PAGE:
Timur Braziler: Okay. And then it looks like on there was some usage of cash towards the end of the quarter. I think last quarter it's kind of 8% to 10%, we're getting close to that 8% bogey. I guess a, should we assume the cash balances are more or less flat here? And then just the remix at quarter end, are we assuming a pretty meaningful bump up in margin once again in 2Q, is that average effect is fully baked in?

Joe Kauder: Yes, I think I think the cash levels you can assume, will be fairly stable. I mean – they maybe little bit just because the nature of -- the dynamic nature of our balance sheet. But right around the levels we're currently at. And then on I think we would as we've said in this call, a couple of different points, we do expect to continue to see margin improvement and net interest income improvement throughout the year.

Timur Braziler: Great. And then just last for me on the three office loans that were on the one hand migration into non-performers. Can you provide geography and any other kind of maybe on tying threads between those three credits?

Jared Wolff: They were, I think they were all California and we are -- our credit, I would look at the credit migration of course fairly normal. We were being I think appropriately conservative. We obviously have the capital and the ability to take a provision we wanted to take. I think running with really, really low NPLs that 26 basis points or whatever we had in the first quarter was probably a little bit abnormal or just too historically and for markets generally. And now we're close to 60 basis points, which is probably a more normal level to be below 1% and still very, very healthy. And I don't know what other banks you're going to do. But for me it just felt like it was a normalization of credit and we were taking the marks that we thought were appropriate at the time. So I don't know that there's more color to provide on these loans. I mean I think we were just -- we thought it was right and I think we're well reserved.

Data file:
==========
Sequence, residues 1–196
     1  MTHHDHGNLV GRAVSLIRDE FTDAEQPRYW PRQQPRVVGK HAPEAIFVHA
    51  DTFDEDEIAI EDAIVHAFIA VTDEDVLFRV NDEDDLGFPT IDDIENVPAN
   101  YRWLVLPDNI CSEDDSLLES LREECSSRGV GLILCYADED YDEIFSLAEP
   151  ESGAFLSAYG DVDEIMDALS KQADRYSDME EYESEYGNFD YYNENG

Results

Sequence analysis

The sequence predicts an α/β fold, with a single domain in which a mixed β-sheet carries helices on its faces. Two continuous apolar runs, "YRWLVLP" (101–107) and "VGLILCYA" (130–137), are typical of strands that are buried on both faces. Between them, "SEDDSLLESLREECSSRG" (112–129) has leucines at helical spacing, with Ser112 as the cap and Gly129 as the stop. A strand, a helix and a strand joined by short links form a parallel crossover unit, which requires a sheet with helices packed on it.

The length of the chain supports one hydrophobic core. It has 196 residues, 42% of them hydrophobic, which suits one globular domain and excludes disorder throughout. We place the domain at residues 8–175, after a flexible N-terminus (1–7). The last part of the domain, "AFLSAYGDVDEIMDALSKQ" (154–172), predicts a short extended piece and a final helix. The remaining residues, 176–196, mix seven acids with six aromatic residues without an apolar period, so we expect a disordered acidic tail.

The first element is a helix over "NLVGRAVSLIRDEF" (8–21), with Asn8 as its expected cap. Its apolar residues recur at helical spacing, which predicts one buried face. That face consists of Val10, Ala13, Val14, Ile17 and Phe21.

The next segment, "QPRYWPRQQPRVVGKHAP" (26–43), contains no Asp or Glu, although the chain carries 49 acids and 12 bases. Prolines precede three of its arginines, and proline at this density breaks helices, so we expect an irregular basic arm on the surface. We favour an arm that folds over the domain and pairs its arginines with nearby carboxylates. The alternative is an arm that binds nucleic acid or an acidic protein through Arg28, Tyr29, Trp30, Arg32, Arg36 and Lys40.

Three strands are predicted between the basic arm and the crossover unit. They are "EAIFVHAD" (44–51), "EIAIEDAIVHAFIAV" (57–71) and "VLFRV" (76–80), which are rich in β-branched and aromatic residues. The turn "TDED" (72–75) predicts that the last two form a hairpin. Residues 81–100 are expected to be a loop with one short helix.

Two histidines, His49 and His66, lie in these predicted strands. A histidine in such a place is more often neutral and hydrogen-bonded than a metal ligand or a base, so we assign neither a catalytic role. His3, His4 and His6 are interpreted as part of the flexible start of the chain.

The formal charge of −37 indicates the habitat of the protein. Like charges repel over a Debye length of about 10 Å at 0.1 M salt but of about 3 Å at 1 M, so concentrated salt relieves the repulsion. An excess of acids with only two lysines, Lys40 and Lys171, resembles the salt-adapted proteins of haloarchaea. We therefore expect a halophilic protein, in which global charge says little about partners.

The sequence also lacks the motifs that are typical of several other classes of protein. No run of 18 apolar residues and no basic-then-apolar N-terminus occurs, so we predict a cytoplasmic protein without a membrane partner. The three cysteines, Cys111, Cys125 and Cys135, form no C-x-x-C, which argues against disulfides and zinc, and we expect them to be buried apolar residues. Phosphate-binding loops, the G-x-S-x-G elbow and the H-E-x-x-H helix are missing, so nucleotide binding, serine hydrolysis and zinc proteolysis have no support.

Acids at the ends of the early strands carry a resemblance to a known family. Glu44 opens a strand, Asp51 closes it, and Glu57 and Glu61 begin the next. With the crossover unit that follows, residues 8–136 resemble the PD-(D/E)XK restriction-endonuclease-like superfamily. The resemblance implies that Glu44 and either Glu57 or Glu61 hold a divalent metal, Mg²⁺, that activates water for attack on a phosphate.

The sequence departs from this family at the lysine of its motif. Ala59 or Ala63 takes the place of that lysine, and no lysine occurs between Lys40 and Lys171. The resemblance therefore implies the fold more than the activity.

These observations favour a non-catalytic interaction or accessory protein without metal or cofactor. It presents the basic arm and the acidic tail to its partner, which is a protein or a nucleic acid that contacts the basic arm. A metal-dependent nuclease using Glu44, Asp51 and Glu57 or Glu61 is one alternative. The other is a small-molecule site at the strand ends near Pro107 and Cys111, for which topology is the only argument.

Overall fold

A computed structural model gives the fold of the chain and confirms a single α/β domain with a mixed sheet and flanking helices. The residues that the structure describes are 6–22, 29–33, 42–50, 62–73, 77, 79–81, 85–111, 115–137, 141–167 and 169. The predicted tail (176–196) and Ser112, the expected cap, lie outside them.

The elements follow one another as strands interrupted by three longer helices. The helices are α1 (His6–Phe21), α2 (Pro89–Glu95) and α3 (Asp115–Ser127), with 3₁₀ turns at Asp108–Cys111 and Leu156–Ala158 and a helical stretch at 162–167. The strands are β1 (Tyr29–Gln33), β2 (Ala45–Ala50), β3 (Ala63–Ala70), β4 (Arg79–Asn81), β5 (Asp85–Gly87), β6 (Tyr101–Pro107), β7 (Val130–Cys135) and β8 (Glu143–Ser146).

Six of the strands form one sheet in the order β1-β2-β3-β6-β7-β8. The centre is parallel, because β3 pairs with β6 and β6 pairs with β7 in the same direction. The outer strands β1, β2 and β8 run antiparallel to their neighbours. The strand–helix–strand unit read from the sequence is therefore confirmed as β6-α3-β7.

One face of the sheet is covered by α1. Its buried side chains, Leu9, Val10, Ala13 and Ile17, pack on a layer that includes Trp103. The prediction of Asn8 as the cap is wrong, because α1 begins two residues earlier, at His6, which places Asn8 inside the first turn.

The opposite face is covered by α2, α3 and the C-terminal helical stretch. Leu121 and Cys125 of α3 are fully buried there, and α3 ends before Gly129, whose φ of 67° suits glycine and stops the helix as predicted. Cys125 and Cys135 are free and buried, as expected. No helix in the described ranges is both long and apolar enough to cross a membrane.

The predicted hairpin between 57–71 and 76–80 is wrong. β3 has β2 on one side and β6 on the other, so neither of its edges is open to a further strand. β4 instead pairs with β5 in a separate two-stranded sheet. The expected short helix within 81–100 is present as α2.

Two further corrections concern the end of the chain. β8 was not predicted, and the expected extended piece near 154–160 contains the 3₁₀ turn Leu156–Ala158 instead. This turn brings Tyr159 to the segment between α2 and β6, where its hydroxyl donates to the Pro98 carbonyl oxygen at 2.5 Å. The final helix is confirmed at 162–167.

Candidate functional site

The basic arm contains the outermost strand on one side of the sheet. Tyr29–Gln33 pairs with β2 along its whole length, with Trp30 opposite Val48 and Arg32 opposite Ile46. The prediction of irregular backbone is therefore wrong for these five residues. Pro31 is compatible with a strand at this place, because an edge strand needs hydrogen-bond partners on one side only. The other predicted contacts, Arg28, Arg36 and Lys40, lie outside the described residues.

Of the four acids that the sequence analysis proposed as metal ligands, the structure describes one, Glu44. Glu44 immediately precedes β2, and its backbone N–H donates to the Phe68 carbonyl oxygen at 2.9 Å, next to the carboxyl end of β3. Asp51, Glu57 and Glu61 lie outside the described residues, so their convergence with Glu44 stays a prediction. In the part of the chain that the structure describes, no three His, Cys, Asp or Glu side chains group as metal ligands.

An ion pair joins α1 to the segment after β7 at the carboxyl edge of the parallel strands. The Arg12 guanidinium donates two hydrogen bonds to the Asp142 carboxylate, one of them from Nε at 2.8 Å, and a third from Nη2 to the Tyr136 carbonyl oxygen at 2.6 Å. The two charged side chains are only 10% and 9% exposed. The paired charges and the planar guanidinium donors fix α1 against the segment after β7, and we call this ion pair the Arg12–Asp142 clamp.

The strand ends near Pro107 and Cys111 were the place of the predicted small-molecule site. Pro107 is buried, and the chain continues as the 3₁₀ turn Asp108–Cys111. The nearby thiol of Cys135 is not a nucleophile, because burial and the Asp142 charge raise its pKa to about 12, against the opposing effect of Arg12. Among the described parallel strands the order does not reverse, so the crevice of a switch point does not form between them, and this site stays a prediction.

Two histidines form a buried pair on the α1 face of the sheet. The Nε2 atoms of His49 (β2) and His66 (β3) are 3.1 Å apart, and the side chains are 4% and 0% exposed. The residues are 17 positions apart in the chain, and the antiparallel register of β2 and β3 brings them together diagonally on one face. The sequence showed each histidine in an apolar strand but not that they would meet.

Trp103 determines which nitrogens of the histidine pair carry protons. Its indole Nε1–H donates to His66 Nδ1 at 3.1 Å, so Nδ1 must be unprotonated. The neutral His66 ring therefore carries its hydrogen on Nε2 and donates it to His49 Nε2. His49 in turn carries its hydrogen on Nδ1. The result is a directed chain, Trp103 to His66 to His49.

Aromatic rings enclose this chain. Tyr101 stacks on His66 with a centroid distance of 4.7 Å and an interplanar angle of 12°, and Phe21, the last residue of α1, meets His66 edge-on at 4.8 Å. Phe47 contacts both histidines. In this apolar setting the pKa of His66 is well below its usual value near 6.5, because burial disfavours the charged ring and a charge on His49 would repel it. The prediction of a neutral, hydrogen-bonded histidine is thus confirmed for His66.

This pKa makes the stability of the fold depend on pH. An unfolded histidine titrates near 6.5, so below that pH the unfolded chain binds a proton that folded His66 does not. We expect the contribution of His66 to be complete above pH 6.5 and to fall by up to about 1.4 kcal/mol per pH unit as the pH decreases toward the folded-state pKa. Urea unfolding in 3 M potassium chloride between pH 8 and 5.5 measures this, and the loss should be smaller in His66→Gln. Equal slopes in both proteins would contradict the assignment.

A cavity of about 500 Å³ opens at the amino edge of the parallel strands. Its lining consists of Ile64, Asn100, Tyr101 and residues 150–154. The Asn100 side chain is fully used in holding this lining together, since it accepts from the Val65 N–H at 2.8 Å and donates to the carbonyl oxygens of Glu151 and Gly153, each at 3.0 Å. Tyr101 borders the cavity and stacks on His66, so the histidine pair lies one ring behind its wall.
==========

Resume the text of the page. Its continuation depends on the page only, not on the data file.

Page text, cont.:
Timur Braziler: Great. Thanks for the questions.

Jared Wolff: Yeah. Thanks Tim.

Operator: The next question comes from Gary Tenner with D.A. Davidson. Please go ahead.

Gary Tenner: Thanks. Just a quick follow-up on the last question, were those credits with the legacy Banc of California or legacy PacWest?

Jared Wolff: They were a mix.

Gary Tenner: Okay. And then I just wanted to ask you, you've got in the deck I think as it relates to the year-end targets of the asset size kind of say you think it will be stable 3,6 but it could be between 34 and 36 as we think I think you talked about BTFP repayment probably in the second quarter, is it reasonable to anticipate a dip and then grow back towards 36 at the end of the year? Or just where do you see the balance sheet flows or trends on a quarterly basis for the rest of the year?

Jared Wolff: Gary, I don't actually know the answer to the question. I think, I can tell you what could happen, which is if we -- if absent selling kind of a large portfolio, we're going to pay down bank term funding, our balance sheet shrinks by that much. And then I think we're relatively safe after pension funds. Putting aside pension funding and we do something specific, it's more dramatic, right? It could be $2 billion. So that's why I don't know. There might be other assets that -- a lot of these discontinued portfolios, we've had a lot of inbound inquiries on. And so whether it's student loans or lender finance or whatever, and so we can we can exit these loans if the pricing is right and if it makes sense for the company going forward there's not a size that we're focused on, it's more profitability. So I think those are the moving parts that could impact the balance sheet. But if we take out any dramatic moves, I think you can think about bank term funding coming off shrinking by that much. And then it's stable from there.